Jesse Wente is an Anishinaabe writer, broadcaster and chair of the Canada Council for the Arts – the only First Nations person to ever hold the position. His first book, Unreconciled: Family, Truth and Indigenous Resistance, will be published later this month.
Although few people wanted the country to go to polls, since we are indeed having an election it would be nice if it were an election that rose to meet the stakes. I’m not referring to the political stakes. The ultimate winner has no effect on what the stakes are. And they are big. Existential big.
There was a moment, early in the pandemic, where there was a sense that our communities could rise to meet the global health challenge – even if our elected governments and associated institutions may have floundered. Does anyone feel that now, a little more than a week before the country elects a new government? Does anyone truly feel that the safety net Canada has long cherished is anywhere close to adequate? What about the climate? Does anyone reading this – as a large portion of the country still faces wildfires, and other parts will soon likely face flooding – feel like this issue is being talked about enough on the campaign trail?
And then there’s reconciliation. Remember when this was a centrepiece of Canadian electoral politics? Remember when it was broadly seen as the most important issue facing the country? But that was before it proved hard, and before the truth was revealed to be buried in the literal ground, now too obvious to deny or obfuscate.
I was asked to write about how I’d like to see First Nations, Métis and Inuit people represented in the election, how the issues our communities face are handled by the parties and the media covering them. But Indigenous people are not an election issue, as our relationship with the state supersedes electoral politics and transcends the mandate of any single government. After all, it was many governments, over many years, that have caused harm to us and our relationships, and it will take the same to secure even a small measure of the reconciliation so often spoken about.
If this country desires to approach reconciliation, then it needs to approach it with the same resolve that it brought to depriving First Nations, Inuit and Métis of their cultures, languages, land and lives. This has been a generational project that has extended beyond any single election cycle or political party and has required enormous resources, both human and otherwise. To think that reconciliation could be done on the cheap and quickly is beyond unrealistic – it’s how you ensure its failure.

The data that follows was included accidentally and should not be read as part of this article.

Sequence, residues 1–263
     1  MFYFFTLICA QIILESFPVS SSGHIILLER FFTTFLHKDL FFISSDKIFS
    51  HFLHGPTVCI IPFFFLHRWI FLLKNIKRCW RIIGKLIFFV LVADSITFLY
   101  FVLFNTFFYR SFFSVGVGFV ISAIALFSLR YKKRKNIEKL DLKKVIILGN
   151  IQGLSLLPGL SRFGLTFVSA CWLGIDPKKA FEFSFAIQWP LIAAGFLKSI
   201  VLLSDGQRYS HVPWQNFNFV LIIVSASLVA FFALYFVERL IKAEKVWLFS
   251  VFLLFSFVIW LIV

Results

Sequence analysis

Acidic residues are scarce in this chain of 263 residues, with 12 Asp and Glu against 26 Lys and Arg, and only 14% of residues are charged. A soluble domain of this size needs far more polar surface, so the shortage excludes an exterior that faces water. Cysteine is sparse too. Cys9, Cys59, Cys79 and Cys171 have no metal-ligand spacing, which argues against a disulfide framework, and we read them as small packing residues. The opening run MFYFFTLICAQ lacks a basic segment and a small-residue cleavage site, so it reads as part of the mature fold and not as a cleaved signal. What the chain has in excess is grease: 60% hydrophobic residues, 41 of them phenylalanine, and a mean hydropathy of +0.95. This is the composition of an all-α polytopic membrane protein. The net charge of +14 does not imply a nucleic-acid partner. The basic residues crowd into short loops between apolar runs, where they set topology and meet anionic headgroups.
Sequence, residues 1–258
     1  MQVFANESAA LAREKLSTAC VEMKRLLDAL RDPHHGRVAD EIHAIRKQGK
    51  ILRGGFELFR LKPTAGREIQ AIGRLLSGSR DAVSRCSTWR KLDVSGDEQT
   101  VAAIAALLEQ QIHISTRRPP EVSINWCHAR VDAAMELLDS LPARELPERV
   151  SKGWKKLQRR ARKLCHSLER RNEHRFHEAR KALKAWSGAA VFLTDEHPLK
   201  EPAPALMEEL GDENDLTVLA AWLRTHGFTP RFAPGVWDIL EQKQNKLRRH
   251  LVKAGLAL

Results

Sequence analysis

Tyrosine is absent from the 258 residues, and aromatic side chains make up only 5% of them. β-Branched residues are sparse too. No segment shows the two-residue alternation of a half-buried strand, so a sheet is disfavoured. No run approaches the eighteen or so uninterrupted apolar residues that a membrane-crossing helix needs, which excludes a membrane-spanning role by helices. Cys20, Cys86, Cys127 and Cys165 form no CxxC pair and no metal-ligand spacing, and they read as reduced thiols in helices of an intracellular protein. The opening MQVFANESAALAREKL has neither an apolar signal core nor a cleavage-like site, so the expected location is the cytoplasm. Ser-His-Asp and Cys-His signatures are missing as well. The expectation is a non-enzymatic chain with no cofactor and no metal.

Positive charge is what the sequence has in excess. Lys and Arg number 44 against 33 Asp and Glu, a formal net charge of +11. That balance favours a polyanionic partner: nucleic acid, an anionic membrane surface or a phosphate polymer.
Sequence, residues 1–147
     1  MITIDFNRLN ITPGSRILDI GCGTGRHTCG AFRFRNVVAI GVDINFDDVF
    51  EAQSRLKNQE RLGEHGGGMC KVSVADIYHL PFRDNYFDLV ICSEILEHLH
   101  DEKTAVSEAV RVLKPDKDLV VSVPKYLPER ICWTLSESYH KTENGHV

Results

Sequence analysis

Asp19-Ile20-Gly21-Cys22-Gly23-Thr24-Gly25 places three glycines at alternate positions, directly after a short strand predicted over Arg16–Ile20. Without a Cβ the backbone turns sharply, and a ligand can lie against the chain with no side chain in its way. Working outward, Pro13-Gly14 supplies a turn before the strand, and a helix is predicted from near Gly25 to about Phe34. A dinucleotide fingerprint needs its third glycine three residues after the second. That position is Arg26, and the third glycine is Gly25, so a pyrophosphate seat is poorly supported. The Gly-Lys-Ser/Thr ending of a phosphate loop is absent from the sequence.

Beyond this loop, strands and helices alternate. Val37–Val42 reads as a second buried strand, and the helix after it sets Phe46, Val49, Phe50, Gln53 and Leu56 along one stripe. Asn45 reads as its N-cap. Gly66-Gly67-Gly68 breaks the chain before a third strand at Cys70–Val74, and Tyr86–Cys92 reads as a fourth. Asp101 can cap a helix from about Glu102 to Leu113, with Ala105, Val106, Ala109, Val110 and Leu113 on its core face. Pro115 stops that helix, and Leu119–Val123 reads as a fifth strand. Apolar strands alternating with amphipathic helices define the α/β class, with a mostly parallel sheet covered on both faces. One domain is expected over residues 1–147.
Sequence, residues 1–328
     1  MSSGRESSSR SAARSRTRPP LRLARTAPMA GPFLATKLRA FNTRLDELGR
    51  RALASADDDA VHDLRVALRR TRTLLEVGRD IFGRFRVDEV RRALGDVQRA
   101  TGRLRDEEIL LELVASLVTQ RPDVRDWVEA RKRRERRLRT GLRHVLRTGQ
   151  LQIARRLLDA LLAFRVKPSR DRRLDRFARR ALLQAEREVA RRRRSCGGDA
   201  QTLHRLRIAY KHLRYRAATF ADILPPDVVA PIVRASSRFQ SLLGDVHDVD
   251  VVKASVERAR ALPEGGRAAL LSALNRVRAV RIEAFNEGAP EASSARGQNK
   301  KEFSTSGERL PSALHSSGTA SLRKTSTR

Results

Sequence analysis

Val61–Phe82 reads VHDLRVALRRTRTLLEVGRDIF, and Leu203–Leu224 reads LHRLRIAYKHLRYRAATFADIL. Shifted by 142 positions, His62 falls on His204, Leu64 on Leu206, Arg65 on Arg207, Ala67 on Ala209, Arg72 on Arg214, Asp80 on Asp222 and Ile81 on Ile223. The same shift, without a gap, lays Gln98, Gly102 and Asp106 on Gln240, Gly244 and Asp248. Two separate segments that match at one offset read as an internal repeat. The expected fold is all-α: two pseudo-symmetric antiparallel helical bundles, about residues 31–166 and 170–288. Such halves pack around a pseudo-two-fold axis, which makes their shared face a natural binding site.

Nowhere in this election, or any election, have we seen a commitment or even a discussion of the type of effort and expense that reconstituting Canada’s relationship with the nations of this land’s first peoples requires. Nor did previous elections flag for voters the ways in which the government was entrenching the need for reconciliation in the first place. Colonialism itself is never on the ballot, just its tentacles, but if we are to actually face the truth and chart a new path, then in fact the kraken itself needs to be part of every election going forward.
Elections provide an opportunity to envision a shared future, to move the many in a direction of mutual and sustainable success. In this moment, any national election should be a parade of not just big, but enormous, ideas, for that is what this moment requires. This would include a genuine attempt to consider what moving away from colonial-based relationships of domination means and looks like. How self-determination for First Nations, Métis and Inuit can be achieved while considering the future of a national state that maintains the shared achievements of Canada. We should be hearing robust and bold strategies to shift the national economy away from fossil fuels and global resource extraction. We should be hearing about investments in shared community infrastructure, from long-term-care facilities and housing to child care and a minimum basic income. This should be the most aspirational election of my lifetime, focused keenly on what will better serve human beings and their shared interests. Does anyone feel that is what we are having?
I think Canadians yearn for an election of substance, for an election where we can dream together, and in the remaining days, I hope that is what we see. Now is not the moment to shy away from the most difficult discussions, but instead to embrace them and the discomfort they are sure to bring. Being comfortable is something Canada as a country, and indeed, we as a species, simply can’t afford any more. Comfort for a few has been the focus for too long, and if that remains the case, it will inevitably lead to discomfort for the vast majority, even beyond the imbalance we currently endure.
So if there is an answer to the question of how I would like to see Indigenous issues dealt with in an election, it’s that I would like to see them treated as they are – as human issues that extend well beyond whatever results we will have later this month. That the success of our communities is understood as being in the best interest of humans, and that the best interest of humans includes the best interest of our non-human relations. I would like to see this election meet this moment, knowing that, even if it doesn’t, humans will have to meet it anyway.